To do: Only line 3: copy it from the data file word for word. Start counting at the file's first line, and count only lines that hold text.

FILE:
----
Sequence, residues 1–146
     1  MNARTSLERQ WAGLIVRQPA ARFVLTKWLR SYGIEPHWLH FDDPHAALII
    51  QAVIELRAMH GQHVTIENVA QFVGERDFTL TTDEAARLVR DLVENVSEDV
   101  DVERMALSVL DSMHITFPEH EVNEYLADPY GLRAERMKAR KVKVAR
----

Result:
    51  QAVIELRAMH GQHVTIENVA QFVGERDFTL TTDEAARLVR DLVENVSEDV